Identifying the informal concept of effective calculability with a
rigorous mathematical notion like general recursiveness or Turing
computability is still viewed as problematic, and rightly
so. In a 1934 conversation with Church, Gödel suggested
finding axioms for the notion of effective calculability and “doing
something on that basis.“ He introduced in his
contemporaneous Princeton lectures the class of general recursive
functions through the equational calculus, but was not convinced at the
time that this mathematical notion encompassed all effectively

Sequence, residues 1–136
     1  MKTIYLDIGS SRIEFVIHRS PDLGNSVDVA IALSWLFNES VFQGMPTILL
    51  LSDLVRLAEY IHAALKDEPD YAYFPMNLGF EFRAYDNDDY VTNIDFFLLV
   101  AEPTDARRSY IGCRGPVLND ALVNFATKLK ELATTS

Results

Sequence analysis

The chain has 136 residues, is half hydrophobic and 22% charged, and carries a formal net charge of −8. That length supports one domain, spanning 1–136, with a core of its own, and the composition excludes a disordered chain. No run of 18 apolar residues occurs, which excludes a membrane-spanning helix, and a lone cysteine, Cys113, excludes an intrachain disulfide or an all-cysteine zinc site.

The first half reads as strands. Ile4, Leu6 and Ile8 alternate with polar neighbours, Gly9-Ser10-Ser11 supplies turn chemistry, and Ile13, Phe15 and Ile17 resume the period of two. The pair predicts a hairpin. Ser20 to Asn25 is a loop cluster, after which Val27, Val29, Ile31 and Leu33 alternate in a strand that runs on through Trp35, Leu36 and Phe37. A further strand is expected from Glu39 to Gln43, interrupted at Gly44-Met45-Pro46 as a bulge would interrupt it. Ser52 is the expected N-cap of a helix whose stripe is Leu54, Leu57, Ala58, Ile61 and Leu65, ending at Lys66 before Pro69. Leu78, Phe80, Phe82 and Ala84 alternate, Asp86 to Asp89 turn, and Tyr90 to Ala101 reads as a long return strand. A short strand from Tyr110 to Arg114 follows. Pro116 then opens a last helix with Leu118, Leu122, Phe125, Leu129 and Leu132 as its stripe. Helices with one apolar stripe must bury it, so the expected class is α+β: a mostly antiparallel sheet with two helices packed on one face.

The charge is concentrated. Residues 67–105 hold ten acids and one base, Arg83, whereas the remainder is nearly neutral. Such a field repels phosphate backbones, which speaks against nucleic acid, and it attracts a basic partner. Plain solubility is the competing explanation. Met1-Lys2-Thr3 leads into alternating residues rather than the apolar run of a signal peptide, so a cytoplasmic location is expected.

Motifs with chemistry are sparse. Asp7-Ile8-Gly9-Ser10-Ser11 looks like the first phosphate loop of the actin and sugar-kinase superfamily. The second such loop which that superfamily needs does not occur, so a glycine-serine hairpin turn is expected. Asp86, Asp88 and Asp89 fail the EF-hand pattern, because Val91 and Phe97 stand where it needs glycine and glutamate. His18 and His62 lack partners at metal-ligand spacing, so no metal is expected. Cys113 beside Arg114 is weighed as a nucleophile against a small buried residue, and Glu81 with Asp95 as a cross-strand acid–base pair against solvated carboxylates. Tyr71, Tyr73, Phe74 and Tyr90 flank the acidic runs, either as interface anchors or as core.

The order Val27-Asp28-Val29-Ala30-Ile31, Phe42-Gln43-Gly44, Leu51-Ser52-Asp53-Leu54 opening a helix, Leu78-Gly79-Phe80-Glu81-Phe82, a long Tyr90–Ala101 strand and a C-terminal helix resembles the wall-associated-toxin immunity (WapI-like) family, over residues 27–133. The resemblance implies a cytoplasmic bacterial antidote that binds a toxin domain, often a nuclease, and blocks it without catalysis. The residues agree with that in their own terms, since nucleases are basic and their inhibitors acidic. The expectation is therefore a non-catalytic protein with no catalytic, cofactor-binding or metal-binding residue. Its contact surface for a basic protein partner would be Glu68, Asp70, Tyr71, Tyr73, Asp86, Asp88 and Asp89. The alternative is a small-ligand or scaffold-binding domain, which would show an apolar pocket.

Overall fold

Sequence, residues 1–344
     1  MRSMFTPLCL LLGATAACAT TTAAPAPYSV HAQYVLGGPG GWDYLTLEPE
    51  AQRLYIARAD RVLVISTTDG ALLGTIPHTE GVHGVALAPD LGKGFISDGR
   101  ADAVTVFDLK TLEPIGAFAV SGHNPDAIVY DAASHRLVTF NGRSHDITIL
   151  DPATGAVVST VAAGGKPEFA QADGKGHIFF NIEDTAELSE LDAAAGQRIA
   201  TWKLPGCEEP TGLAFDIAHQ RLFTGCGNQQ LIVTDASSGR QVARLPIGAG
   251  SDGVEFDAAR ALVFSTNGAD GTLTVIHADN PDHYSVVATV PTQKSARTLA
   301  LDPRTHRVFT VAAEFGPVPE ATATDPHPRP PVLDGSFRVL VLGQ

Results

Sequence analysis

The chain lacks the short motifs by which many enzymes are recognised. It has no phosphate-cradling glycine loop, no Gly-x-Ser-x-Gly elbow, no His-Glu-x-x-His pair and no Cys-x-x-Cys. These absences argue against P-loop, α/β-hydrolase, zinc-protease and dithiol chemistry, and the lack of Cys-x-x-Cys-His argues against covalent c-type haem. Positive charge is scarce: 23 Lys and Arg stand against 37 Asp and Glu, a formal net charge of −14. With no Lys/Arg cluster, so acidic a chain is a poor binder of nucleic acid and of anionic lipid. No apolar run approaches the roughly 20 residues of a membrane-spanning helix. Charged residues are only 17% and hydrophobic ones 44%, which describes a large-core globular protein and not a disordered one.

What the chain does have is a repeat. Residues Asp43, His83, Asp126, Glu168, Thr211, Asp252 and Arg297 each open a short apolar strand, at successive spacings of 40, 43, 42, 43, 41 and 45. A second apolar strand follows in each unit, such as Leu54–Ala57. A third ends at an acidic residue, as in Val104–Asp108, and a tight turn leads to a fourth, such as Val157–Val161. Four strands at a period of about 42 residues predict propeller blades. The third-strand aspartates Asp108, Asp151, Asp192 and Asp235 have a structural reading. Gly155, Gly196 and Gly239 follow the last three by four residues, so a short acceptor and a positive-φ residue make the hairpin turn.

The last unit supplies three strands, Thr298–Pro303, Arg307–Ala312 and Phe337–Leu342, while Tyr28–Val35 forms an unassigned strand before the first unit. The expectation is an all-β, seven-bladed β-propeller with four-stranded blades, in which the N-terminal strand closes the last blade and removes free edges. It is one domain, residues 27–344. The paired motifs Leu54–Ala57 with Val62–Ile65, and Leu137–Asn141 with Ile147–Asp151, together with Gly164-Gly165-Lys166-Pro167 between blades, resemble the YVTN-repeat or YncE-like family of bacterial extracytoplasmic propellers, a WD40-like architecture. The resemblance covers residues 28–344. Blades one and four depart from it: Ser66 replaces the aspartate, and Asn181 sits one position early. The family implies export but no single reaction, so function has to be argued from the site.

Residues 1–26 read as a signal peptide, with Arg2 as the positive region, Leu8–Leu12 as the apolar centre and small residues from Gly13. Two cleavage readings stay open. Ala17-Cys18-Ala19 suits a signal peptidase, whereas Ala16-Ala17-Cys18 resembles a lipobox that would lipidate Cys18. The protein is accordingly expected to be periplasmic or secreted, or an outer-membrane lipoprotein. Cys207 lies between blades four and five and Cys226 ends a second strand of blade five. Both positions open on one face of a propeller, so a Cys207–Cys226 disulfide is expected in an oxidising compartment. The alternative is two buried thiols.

calculable functions.
Gödel articulated different
and conflicting approaches to the underlying methodological issues
during the subsequent three decades. In 1964, Gödel viewed
Turing's
work as providing a correct analysis of mechanical procedures (and
thus of effective calculability) and a proof of the fact
that the analyzed notion is equivalent to that of a Turing machine.
Gödel gave, however, no indication of the character of Turing's
analysis nor of that of the equivalence proof. Turing
reduced mechanical procedures, carried out by a human computer, to
machine computations. A deepened examination of Turing’s
reduction can serve as a springboard for the methodological approach
Gödel had recommended in 1934, but never followed up, namely an
axiomatic characterization of computability.